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Well outside the atmosphere we've already got a plan, its called the James Webb Telescope [1] :-)

One of the weird things about light is that the photons that hit the camera sensor in California are not the same photons that hit the camera sensor in New York. So you could, if you chose to, add the two pictures together which would increase its brightness (more photons) and not change the content of the picture. The trick of course is figuring out which pixels in the camera sensor were getting the same (or nearly the same) photons.

Since you are taking a picture of the stars, which are far enough away that parallax effects won't change their relative position, I should be possible to map the position of the stars in each image, combine it with the pointing vector from the accelerometer, to then create a projection matrix that would allow you to back project the camera pixels into an idealized focal geometric plane.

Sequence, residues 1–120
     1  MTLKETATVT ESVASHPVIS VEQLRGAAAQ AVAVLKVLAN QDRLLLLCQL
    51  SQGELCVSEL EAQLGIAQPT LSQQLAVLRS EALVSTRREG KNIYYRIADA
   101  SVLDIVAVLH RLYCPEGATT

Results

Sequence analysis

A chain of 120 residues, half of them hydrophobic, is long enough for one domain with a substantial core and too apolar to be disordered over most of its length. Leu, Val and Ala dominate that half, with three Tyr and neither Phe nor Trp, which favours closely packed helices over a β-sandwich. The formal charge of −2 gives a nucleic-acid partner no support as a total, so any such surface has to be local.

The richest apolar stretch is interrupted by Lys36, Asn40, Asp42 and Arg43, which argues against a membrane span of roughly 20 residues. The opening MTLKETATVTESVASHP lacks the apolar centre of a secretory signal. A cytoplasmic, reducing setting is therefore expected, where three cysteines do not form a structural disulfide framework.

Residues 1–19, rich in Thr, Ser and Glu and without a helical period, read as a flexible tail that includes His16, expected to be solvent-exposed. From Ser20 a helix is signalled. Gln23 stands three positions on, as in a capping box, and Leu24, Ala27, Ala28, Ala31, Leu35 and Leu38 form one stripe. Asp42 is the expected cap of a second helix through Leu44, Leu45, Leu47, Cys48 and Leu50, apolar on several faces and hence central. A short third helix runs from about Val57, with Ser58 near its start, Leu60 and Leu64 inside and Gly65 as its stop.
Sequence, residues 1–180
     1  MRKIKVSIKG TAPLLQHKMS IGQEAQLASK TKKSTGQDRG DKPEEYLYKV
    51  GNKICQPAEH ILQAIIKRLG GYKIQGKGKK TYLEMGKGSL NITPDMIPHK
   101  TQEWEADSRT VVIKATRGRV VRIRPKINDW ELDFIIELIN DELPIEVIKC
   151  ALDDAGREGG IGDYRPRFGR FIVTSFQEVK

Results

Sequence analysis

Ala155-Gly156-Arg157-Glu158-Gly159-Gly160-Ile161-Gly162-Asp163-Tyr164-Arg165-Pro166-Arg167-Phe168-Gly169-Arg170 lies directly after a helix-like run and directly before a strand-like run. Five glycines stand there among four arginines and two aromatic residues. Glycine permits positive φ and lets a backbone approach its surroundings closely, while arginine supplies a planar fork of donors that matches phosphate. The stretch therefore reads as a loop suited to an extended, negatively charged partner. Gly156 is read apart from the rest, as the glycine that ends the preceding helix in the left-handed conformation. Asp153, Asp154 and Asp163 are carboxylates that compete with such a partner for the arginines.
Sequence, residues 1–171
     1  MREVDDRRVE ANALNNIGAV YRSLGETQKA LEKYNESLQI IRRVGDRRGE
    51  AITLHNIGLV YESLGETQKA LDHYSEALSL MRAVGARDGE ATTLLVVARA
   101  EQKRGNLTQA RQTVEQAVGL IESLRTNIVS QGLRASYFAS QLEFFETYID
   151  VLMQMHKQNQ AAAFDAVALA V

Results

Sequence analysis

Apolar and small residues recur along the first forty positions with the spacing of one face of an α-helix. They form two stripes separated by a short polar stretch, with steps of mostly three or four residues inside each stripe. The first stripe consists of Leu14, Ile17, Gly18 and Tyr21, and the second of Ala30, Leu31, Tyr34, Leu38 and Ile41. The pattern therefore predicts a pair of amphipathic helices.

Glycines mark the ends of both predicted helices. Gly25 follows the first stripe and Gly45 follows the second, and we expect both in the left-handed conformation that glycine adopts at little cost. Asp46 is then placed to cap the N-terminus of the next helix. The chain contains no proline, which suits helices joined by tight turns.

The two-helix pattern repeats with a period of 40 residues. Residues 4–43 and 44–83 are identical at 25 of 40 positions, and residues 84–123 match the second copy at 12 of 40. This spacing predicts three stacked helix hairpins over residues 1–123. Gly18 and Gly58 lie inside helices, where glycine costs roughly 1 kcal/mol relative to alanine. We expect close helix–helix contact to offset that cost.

Now you have a map of all of the various image pixels with respect to their projection onto this plane, and you can then add together like pixels. Or generate a pseudo 5mP image where each pixel is comprised of a million sub-samples. (sometimes I wish I could draw in this editor)

[1] http://en.wikipedia.org/wiki/James_webb_telescope

One hitch might be the precision of the sensors (accelerometers, etc) in the phones might not be sufficient to make this work!

I'm all for tearing down a million old phones, removing the sensors, and blasting many "micro" telescopes into space!

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